To obtain the corresponding eigenstates, we take each of the found eigenvalues in turn and, substituting them in the Schrödinger equation, we solve for the values of C1 and C2. When we do this we find


|yb> = N ( |1> + |2>),              (1.11a)

and |ya> = N ( |1> - |2>),         (1.11b)

where N is a normalisation constant (equal to 2). Because W is negative, Eb is the lowest of the two eigenvalues, i.e. it is the energy of the ground state. |yb>, the ground state wave function, looks pictorially like this:

The charge density, |yb |2, looks more or less similar. As you can see, there is a build up of electronic charge in the region between the two protons, and this build up of charge helps to hold the molecule together, constituting a chemical bond. Because the molecule is actually held together by the sharing of an electron between two nuclei, this is an example of a covalent chemical bond.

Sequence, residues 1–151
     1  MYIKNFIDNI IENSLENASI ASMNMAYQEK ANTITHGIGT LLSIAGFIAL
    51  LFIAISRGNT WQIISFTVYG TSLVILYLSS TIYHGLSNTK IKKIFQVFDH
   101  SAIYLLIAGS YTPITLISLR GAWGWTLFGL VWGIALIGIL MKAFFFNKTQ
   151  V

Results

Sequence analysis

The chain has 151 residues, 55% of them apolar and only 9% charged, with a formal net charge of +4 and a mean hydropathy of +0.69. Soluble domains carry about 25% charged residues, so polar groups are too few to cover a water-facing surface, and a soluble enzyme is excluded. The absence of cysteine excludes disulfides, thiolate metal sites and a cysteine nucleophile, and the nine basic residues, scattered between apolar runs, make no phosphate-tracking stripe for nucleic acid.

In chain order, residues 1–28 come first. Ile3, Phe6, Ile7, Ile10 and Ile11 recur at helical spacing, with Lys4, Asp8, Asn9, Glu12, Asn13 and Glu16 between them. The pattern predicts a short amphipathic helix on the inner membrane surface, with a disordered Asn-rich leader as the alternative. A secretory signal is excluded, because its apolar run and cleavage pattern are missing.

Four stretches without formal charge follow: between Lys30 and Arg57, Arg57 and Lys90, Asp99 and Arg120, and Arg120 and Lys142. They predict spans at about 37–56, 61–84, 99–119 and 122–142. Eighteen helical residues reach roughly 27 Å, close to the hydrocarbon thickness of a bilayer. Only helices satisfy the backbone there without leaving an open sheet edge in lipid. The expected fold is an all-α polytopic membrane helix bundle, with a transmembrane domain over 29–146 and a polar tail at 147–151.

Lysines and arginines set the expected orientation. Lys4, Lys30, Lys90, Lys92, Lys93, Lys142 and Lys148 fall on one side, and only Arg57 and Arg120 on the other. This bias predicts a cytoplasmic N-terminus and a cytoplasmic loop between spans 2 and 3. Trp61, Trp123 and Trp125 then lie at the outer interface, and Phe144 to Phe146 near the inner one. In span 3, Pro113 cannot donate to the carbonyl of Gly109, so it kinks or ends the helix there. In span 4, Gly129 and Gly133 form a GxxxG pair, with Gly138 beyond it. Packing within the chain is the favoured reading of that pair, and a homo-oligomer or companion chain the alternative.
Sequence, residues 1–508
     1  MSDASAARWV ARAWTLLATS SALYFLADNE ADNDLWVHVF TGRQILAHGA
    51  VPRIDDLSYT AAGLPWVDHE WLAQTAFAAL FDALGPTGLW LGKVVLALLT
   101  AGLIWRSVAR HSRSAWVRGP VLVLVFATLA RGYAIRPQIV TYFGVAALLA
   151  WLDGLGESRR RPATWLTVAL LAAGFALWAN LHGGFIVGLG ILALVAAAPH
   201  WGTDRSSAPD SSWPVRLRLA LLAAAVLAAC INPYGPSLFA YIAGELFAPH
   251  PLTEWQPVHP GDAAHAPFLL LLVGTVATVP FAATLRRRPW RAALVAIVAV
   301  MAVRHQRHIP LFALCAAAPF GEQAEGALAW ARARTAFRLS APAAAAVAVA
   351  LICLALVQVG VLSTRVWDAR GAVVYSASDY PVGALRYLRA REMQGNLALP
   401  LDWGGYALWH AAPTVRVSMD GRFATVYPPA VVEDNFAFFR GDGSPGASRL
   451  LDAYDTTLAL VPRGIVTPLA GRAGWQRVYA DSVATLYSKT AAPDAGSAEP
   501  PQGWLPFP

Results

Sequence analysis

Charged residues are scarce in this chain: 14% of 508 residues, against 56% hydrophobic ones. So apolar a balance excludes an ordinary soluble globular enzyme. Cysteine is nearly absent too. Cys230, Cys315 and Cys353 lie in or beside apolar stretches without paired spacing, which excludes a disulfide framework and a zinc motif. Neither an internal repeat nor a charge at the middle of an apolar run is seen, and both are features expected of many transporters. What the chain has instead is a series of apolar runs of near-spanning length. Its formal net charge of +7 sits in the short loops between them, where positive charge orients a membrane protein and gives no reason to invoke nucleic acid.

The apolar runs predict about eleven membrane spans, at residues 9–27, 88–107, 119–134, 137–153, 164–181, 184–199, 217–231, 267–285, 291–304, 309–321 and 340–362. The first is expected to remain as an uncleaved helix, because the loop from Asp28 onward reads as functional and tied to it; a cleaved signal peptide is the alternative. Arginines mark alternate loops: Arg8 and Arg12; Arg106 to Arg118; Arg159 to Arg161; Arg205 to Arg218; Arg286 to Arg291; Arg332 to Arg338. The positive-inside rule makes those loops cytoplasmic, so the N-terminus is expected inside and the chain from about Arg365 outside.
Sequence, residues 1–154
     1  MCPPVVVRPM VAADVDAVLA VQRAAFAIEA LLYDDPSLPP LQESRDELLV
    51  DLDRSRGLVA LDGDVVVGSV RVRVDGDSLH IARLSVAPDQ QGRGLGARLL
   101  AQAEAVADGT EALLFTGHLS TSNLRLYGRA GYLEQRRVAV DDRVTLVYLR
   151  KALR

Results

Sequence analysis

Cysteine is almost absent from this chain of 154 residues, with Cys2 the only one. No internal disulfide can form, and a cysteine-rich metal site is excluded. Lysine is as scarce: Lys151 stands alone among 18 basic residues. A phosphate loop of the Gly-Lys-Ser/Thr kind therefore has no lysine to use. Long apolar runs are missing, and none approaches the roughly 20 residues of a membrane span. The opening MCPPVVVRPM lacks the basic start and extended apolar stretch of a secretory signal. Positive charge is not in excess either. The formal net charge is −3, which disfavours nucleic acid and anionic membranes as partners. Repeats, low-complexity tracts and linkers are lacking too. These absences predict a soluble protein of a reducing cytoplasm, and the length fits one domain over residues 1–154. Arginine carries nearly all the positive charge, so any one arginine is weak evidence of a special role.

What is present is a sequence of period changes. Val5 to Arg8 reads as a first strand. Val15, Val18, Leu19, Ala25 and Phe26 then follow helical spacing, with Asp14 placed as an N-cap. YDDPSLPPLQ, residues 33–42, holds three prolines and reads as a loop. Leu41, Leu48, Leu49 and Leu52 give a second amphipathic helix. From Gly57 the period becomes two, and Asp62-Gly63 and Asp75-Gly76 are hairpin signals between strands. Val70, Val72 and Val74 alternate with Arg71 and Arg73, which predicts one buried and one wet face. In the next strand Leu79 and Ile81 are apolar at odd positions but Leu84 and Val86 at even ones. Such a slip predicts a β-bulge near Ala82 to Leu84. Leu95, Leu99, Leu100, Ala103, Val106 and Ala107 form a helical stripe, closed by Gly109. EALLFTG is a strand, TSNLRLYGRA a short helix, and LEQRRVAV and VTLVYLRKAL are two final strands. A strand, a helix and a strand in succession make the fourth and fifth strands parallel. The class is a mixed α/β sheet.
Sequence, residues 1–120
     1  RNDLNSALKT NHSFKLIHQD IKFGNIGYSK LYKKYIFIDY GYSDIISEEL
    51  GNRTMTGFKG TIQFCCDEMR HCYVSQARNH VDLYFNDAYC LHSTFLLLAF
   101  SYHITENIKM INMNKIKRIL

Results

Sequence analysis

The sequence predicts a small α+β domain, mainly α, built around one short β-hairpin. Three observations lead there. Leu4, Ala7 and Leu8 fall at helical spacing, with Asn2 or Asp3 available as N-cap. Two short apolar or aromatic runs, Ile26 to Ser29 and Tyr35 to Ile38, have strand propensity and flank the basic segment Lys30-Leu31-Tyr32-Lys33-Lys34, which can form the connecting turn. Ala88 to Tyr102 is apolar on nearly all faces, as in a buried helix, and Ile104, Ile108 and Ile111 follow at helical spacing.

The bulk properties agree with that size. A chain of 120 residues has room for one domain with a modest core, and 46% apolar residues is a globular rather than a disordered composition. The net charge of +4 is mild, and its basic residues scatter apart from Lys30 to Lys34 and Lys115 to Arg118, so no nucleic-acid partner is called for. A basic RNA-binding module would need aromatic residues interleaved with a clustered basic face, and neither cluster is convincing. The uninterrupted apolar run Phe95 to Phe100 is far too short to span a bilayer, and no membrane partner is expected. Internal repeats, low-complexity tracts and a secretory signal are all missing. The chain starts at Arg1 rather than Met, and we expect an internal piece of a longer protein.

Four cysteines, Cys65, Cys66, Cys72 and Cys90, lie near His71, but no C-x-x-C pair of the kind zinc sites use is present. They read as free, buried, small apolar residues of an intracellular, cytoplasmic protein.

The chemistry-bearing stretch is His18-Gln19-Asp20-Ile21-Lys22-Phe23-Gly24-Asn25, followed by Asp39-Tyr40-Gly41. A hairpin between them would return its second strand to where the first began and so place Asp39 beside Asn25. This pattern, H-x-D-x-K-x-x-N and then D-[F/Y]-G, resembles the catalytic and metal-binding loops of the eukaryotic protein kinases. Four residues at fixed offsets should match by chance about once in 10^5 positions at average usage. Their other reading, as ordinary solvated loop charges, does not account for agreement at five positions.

However, for the excited state, the wave function looks like this:

and the charge density (the squared norm of the wave function) looks like this:
You can see that the wave function has a node at the mid point between the two protons. When we look at the charge density associated with this state, one finds that it does not accumulate between the two protons, but rather, it is most probable to find the electron on either end of the molecule. So in this case the electron is not helping to hold the molecule together, and a bond is not formed. In fact, the energy of this state is higher than the energy of an isolated hydrogen atom and a proton far away from each other, and we thus say that this is an anti-bonding state.

There are some differences between the above treatment and that presented by Sutton on pages 25-31. Make sure that you are clear about these differences via problem 1.4.2.

1.3 Heteronuclear diatomic molecules: covalency and ionicity

The worked-out example for the H2+ molecule can serve as a template for the heteronuclear diatomic molecule. The process of solution is essentially identical, but the atomic levels are now different. Nevertheless, the fact that the nuclei are not the same has some profound consequences, which can result, in the extreme case, in ionic bonding in the molecule.